Suspension is very important. In the water, the prosthesis should feel as if it were bearing weight. If not, each kick will allow the residual limb to wobble inside of the socket, creating friction, which everyone knows is not good, and the energy will not be fully transferred to the foot. Silicone, urethane and latex suspension sleeves, work very well. They also keep water out. The addition of an auto expulsion valve creates superior suspension. For those using a pin suspension liner such as Iceross, Alps or Alpha Liner, the only shuttle locks I have recently seen two that appear to be water, salt and contamination proof are Coyote Design's Air-Lock and Fillauer's Gator Grip Lock. Whether you build endoskeletal or exoskeletal, the components used should be waterproof and corrosion resistant to salt. Kingsley's Steplite is Rampro's choice of foot. Water will not damage this foot. It has a graphite keel, the foam does not absorb water, and it can be ordered in several heel heights including flat. A flatty is ideal for use around the water where barefoot is usually the norm. 4C's Waterproof Symes and Ohio WillowWood's Impulse Symes will also work well. A lightweight aqua shoe with no heel will protect the prosthetic foot and the real foot.
If you decide to build a hollow exoskeletal, you can laminate a pyramid into the distal end of the leg. If you laminate a 4-hole block to the distal end, the threads should be stainless steel. Aluminum threads in saltwater is a definite no-no. If the leg will also be used for snow skiing, a low profile rotatable pyramid adapter should be used. Snow skiing typically requires the foot to be toed out 4 to 8 degrees. Rampro has stainless steel pyramid adjustment set screws. Pyramids and pyramid adapter should be either Titanium or stainless steel. The hollow exoskeletal leg with a pyramid interface also makes an ideal ski leg. The unlocked Activankle mounted to a Symes foot flexes from the same place as the human ankle and the ski boot manufacturers do know where the human ankle flexes. The hard exoskeletal leg solidly transfers energy to the tongue of the ski boot. The pyramid system easily allows for proper alignment and the rotatable adapter allows the toe to be set correctly.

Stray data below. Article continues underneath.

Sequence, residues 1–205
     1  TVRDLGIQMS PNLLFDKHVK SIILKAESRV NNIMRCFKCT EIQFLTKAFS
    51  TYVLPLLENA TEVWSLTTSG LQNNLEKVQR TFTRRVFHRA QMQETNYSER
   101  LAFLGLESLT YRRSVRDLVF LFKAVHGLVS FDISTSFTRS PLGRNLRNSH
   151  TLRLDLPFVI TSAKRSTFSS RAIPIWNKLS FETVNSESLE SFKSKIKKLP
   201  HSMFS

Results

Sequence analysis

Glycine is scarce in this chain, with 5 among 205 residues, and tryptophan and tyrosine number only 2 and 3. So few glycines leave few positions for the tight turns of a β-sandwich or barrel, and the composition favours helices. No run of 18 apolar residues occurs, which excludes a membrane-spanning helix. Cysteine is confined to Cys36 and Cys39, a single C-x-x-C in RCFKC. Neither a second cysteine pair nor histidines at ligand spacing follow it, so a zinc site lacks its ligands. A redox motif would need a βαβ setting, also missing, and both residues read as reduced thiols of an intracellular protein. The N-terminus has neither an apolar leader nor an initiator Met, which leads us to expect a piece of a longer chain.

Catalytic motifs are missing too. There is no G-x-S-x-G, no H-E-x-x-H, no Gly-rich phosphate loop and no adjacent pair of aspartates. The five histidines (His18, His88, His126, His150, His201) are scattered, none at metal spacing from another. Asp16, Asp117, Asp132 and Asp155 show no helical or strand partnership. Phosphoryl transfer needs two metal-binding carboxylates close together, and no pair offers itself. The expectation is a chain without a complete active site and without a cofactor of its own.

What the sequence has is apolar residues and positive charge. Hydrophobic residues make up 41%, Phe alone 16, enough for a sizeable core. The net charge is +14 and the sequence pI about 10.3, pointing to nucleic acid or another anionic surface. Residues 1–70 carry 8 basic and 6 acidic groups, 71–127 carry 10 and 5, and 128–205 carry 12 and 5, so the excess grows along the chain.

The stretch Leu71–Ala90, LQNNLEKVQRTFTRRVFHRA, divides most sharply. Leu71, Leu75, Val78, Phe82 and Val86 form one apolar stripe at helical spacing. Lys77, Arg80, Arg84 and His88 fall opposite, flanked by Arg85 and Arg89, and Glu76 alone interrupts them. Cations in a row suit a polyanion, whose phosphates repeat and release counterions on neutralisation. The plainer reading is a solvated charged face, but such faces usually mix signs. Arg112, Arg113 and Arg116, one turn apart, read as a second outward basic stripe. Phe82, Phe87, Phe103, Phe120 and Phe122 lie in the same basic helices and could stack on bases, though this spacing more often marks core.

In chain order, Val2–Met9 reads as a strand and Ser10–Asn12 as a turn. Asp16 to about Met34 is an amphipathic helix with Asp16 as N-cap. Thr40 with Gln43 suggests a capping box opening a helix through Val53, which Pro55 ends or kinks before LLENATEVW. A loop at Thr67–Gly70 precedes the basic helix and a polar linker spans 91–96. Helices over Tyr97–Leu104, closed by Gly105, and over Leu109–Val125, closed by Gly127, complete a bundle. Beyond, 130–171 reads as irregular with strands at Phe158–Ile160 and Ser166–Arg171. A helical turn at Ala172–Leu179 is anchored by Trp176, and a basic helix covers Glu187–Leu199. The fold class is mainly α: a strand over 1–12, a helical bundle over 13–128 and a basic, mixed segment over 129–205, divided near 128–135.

The only optional modification for a ski leg would be the addition of a threaded stainless steel plate (approx.1 1/2" x 3/4" x1/8") laminated into the leg. Placement of the plate depends on the brace used. (e.g. For a Townsend brace, approximately 3" or 8cm below the patella.) This will allow a hard knee brace to be securely attached to the prosthesis. A matching hole needs to be drilled in the brace to accommodate the bolt or set screw protruding from the threaded plate. I use a partially threaded 1/4-20 bolt with 1/8" of threads. Cut off the bolt head so that the end of the non-threaded (smooth) bolt section is flush with the surface of the brace. A screwdriver slot can be cut into the end of the bolt with a hacksaw for easy install and removal of the bolt. With the easy to take on and off brace on top of my suspension sleeve, I have great suspension, extra stability and added safety.
If you decide not to fabricate the Hollow Exoskeletal leg yourself, Rampro can refer you to a fabrication lab that has fabricated over 100 swim legs using the Activankle or Swimankle. The Hollow Exoskeletal leg is fabricated for you from a walking alignment. Call Rampro for details. I hope this will answer a lot of questions. I do not consider this the only way to make a swim or ski prosthesis, but it works well for me as you can see in these video clips. Any comments or responses will be gladly accepted.